The voluntary advice calls on schools to take such steps as restricting nuts, shellfish or other foods that can cause allergic reactions, and to make sure emergency allergy medicines like EpiPens are available.
The Centers for Disease Control and Prevention posted the guidelines on its website Wednesday.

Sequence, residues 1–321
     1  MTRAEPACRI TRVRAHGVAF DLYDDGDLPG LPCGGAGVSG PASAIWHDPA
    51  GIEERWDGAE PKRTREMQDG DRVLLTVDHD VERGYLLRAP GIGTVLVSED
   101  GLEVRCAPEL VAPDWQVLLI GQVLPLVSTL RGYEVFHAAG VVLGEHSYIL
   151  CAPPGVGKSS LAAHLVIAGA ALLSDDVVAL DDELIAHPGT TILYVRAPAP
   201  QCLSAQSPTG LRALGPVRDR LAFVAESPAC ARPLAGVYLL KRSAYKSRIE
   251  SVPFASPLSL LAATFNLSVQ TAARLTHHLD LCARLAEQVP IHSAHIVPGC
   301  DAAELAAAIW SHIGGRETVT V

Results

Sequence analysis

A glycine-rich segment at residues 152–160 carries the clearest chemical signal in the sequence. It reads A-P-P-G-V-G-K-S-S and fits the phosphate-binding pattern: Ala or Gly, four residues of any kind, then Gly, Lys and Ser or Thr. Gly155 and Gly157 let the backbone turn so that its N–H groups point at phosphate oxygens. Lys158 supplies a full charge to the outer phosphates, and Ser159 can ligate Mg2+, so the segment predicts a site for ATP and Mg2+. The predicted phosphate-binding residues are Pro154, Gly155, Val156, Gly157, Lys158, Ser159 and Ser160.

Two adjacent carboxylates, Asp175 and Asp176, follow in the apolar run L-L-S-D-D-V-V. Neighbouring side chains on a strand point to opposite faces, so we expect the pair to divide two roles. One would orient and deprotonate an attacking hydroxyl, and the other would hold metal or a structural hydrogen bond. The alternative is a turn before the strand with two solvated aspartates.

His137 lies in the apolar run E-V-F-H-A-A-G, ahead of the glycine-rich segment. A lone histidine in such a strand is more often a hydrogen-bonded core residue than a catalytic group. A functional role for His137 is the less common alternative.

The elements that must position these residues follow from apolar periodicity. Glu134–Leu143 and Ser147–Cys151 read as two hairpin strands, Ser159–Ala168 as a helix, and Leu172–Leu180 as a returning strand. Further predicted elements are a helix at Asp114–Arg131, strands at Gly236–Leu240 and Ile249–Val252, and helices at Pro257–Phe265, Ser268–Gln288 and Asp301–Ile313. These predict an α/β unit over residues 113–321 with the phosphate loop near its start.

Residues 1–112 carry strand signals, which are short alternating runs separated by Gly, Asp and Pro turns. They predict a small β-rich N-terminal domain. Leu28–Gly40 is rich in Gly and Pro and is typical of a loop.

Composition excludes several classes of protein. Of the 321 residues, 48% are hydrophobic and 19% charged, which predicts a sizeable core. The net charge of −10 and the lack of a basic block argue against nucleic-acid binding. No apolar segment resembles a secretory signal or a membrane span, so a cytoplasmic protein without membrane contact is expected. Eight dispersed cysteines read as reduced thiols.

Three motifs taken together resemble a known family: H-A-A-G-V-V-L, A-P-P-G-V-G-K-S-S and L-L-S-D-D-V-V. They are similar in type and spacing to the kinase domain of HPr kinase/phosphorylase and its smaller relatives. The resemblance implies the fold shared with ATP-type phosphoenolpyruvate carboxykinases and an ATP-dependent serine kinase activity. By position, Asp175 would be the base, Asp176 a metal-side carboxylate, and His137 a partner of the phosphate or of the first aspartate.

About 15 states — and many schools or school districts — already have policies of their own. But experts say many of their policies are probably not comprehensive.
A recent CDC survey estimated that about 1 in 20 U.S. children have food allergies.